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Kidney CancerKidney Cancer Treatment

Let's Talk About Kidney Cancer Treatment

From active surveillance to drug therapy, there are many ways to tackle kidney cancer. Check out HealthCentral's guide to the latest approaches for staying one step ahead of this disease.

    Our Pro PanelKidney Cancer Treatment

    We went to some of the nation's top experts in kidney cancer to bring you the most up-to-date information possible.

    Pedro Barata, M.D. headshot

    Pedro Barata, M.D.Medical Oncologist

    Tulane Cancer Center
    New Orleans, LA
    Benjamin Chung, M.D. headshot.

    Benjamin Chung, M.D.Director of Robotic Surgery and Urologic Oncologist

    Stanford University Medical Center
    Stanford, CA
    Ithaar Derweesh, M.D. headshot.

    Ithaar Derweesh, M.D.Urologic Oncologist

    UC San Diego Health
    San Diego, CA

    Frequently Asked QuestionsKidney Cancer Treatment

    Will kidney cancer come back after surgery?

    In patients whose tumors are only found in their kidney, some 20% to 30% will relapse after surgery, usually within three years of treatment. Most often, tumors pop back up in the lung.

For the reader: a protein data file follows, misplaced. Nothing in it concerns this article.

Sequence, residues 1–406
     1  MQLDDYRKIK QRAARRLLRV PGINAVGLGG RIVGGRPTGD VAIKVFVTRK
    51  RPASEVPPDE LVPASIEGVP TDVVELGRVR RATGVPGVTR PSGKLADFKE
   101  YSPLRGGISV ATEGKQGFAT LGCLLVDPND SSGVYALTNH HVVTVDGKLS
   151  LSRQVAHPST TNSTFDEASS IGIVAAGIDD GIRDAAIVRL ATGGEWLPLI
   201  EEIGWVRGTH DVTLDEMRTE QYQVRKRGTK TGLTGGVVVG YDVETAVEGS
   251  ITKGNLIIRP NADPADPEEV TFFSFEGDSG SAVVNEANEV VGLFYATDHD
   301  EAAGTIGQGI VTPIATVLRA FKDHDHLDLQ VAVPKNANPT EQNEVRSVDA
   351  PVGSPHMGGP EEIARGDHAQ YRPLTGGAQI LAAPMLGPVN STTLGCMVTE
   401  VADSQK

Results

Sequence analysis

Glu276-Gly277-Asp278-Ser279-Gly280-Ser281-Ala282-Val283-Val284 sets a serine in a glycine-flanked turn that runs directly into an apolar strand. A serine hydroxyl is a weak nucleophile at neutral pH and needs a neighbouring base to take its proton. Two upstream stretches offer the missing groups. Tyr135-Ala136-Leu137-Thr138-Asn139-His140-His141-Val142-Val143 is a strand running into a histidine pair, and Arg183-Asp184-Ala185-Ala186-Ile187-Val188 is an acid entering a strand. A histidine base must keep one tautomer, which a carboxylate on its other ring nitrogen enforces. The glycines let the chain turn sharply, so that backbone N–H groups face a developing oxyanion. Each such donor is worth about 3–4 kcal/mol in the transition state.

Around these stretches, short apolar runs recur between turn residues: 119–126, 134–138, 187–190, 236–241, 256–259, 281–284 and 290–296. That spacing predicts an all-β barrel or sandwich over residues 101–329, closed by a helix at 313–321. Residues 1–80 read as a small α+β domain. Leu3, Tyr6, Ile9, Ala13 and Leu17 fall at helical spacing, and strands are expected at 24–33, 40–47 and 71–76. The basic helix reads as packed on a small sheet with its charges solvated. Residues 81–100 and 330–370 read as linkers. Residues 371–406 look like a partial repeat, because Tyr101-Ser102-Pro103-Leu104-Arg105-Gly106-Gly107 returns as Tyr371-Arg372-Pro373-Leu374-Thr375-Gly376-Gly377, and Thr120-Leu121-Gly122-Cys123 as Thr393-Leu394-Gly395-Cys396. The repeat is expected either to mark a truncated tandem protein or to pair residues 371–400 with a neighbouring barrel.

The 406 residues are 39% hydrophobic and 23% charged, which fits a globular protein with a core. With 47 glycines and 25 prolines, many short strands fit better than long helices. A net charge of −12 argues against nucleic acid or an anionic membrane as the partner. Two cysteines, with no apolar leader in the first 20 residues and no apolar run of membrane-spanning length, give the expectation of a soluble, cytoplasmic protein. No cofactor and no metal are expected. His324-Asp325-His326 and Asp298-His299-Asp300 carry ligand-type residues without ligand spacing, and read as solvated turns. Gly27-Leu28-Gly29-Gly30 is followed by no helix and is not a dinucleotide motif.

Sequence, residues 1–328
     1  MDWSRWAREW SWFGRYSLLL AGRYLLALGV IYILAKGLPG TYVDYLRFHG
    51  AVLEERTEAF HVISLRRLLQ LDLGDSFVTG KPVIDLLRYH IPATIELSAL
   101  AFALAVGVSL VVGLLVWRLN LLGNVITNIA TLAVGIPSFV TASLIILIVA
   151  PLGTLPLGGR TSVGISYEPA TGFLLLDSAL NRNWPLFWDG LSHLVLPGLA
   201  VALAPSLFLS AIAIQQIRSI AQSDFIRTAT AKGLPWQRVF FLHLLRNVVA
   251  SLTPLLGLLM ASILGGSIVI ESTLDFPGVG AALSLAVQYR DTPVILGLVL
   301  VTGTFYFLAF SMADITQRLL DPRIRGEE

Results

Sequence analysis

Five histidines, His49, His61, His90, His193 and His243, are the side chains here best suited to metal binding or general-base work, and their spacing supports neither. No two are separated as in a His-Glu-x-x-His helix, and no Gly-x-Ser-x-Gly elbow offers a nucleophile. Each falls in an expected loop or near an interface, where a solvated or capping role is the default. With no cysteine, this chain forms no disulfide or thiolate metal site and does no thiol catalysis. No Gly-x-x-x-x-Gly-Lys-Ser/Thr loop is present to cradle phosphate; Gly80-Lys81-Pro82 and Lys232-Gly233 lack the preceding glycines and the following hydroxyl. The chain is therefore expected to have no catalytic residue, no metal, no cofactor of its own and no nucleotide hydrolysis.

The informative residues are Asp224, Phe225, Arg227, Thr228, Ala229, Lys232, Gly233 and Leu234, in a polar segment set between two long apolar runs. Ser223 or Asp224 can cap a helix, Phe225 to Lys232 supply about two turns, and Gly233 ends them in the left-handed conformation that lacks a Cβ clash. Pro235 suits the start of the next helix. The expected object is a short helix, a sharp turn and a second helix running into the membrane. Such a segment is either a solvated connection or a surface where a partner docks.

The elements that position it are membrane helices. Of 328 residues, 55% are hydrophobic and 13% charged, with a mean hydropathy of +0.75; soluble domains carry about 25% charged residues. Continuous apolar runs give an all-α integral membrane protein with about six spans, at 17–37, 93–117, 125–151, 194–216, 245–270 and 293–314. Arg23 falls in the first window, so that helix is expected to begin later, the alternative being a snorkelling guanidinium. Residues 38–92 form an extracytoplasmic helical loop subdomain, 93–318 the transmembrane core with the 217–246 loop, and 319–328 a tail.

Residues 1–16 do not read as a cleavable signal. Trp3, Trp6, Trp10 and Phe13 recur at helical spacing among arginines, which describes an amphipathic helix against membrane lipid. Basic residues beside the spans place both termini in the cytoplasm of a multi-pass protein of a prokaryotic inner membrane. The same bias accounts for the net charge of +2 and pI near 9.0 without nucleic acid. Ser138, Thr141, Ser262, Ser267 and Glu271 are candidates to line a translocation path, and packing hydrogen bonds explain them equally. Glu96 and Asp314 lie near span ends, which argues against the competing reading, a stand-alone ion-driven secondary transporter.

Is radiation used to treat kidney cancer?

    This isn’t a primary treatment for kidney cancer but it can be used along with other therapies to control symptoms and ease pain when cancer has spread or when surgery isn’t an option.

    Why isn’t chemotherapy used to treat most kidney cancers?

    Unlike many other cancers, kidney tumors generally don’t respond to chemotherapy. But for people with urothelial carcinoma (when cancer forms in the part of the kidney that collects pee, usually treated like bladder cancer), Wilms tumor (the most common type of kidney cancer in young kids), and some rare forms of the disease, chemotherapy can be part of treatment.

    Should I consider a clinical trial?

    These are research studies that test if new treatments are safe and effective. If you’re enrolled, you might receive the standard treatment or be part of the first wave of patients to try a new therapy. They’re not for everyone, but if your current treatment protocol isn’t working, you can ask your doctor if you are a good candidate for any ongoing clinical trials.

    Lexi Krupp

    Lexi Krupp

    Lexi Krupp is a journalist who covers health and science stories for audio and print.